Transport yourself to Southern Sri Lanka with our latest ebook! Download it now for free.

Hold Your Breath (surfival)

Open your eyes. Look around. Process your surroundings. 

What is the best next move?

There is a 10 ft wave moving towards you, building momentum and growing in size as it nears. You have seen this before when you were on your 9 ft flotation survival device, also called a surfboard, and you would use all of your strength to paddle towards the growing wave coming towards you. You would easily glide over the monstrous wave or in the worst case, it would begin to peel, and you would turtle roll as it crashes on you, using your board to take the blow and protect you. But now, you are on your own. No surfboard, just a 10-pound anchor of a camera inside a nearly indestructible and heavy camera housing. 


You use your flippers to propel you towards the thing that looks like it is going to eat you whole. As you’re getting closer, you realize that getting over this thing is no longer an option. You see the lip of the wave form and although beautiful, you know it is exactly what is going to pull you in and drag your small, fragile body into the ultimate natural washing machine. It is so beautiful. You consider taking a shot of it, but no. Instead, you grab your last breath of air and try to push your body as deep as you possibly can and hope it is enough. As the waves power easily scoops you up and sends you into a whirlwind of directions under the water, you realize that it was definitely NOT deep enough. The power rips your camera housing out of your hand, which only adds one more danger for you – you now have to dodge the heavy device that is being tossed around as freely as you are while it is attached to you by a 3-foot strap. You feel the relentless pushes and pulls stop so you fight your way to the surface (or at least the direction you feel might be the surface) and you gasp for air as soon as you reach it. Just as you finish that delicious drink of air, you see the next wave right above your head and you are taken for yet another round in the ring. More tossing and pulling. How are you already out of air? You fight against the pushing and pulling this time to get to the surface as you know you do not have enough in your lungs to keep you going much longer. You reach the surface and are reunited with your camera, which is a relief as that is no longer an unknown threat that can surprise you with a blow to the face.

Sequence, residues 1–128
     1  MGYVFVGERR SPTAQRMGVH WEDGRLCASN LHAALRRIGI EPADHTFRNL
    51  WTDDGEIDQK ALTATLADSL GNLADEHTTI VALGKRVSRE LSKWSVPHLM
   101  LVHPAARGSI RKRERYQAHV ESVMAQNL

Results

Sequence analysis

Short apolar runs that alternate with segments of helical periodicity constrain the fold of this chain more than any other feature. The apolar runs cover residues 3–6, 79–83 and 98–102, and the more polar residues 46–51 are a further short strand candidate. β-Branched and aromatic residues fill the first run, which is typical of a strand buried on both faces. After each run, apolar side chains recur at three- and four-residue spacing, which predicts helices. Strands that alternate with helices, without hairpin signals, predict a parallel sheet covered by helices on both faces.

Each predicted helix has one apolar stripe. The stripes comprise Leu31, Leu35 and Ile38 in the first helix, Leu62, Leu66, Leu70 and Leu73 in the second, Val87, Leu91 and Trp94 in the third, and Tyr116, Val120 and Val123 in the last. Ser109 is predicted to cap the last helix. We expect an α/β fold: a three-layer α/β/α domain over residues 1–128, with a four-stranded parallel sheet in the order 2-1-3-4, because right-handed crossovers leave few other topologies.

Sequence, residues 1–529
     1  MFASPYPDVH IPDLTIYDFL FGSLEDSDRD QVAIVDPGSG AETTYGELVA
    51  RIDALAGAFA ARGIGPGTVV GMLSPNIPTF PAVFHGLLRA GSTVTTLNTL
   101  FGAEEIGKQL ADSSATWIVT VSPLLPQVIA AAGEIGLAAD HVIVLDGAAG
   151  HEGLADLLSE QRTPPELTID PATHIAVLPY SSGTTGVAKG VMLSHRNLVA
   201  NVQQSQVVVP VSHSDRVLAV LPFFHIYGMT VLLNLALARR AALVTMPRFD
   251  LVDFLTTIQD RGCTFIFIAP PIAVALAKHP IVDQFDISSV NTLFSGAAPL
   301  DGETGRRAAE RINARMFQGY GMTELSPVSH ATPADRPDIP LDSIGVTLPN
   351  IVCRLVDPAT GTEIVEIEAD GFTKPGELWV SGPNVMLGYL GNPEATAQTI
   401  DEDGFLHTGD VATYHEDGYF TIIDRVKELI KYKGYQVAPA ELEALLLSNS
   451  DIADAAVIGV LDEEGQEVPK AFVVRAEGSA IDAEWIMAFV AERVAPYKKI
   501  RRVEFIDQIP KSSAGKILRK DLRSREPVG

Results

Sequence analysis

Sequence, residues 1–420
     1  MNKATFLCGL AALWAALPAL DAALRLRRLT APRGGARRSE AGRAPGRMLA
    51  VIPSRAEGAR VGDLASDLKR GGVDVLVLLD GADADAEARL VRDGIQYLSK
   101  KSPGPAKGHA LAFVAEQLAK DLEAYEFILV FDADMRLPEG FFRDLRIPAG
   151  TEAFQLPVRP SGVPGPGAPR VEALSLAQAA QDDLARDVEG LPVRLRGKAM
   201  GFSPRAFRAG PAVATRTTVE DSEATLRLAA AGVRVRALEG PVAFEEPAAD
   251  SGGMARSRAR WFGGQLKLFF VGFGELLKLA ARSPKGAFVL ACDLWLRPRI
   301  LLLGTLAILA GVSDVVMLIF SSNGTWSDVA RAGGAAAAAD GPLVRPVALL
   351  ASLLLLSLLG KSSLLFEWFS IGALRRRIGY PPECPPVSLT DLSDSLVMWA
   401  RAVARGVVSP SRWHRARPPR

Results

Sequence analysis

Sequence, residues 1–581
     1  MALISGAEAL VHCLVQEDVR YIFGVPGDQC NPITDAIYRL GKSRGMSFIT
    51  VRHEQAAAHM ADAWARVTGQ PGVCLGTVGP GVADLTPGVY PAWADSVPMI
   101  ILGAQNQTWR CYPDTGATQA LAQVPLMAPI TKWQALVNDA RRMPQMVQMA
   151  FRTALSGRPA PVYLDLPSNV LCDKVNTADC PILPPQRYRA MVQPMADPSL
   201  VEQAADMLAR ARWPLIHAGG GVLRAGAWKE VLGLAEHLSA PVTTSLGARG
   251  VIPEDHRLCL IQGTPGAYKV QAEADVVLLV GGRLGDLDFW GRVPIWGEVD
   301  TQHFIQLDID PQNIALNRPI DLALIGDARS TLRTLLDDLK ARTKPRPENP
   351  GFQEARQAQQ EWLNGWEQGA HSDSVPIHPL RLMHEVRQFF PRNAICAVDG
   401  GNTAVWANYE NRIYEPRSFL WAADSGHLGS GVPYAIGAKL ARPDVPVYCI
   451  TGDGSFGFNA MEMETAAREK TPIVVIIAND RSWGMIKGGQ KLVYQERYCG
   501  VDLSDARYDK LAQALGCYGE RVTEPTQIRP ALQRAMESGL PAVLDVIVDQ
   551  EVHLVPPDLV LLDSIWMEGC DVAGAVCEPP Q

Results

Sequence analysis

You emerge and see the other surfers charging out deeper into the ocean to get out of this blood bath that has become what was once the calm “out back” and so you do the same, though you know you are only able to move at half the speed as the surfers. Numerous more waves come and take you on the same ride as the ones before. As you look around, you see the plan has changed for everyone. Surfers are now riding into safety and using the waves to push themselves there. This is the new plan of survival. You let the waves take you now, trying to avoid the massive rocks protruding through the water. Finally, your body is forced into a hard, flat surface. Sand? You realize you are nearing the safe, stable shore. You have never felt so happy to stand up and feel the sand under your feet and you run with any energy you have left to escape the powerful, moody mother ocean. Once you are safely on the shore, you go into a fit of laughter. Is it genuine happiness at being alive? Is it the hilarity of how tiny, insignificant and powerless you are when at the mercy of the far greater ocean? Or is it the playback in your mind of how much of a lifeless, wet fish you just looked and felt like? Probably a combination of it all. The shared feelings of relief, exhaustion, and excitement are mutual in the air amongst all of the surfers washing up. Everyone has been worked and the set of all sets cleaned up the entire beach. One after another comes up to ask how you are doing and you get pats on the back and high fives (sorry Covid, near-death experiences allow for human touch this time) and your friends are stoked to see you still smiling. 

This is a window into what shooting in the surf is like, the story of my first experience shooting short boarding in big waves. It is the most exhilarating, terrifying and rewarding activity I have ever done. I have been shooting in the water for roughly 6 months and every single time I go out, I learn something new and have a completely different experience. I am pushed physically, mentally and creatively when shooting in the water and I always feel incredibly proud of myself while also humbled by the power of the ocean. Surf photography may not be for everyone but for me it is the only thing that can give me such a strong flood of powerful emotions at once.Shooting in the surf makes me feel more alive than anything else and for that reason only, I would be willing to get tumbled in waves a hundred times. When you find something that makes you feel alive like this, don’t let it go – the fear is only temporary. 

Team Member
More Stories
Lost at sea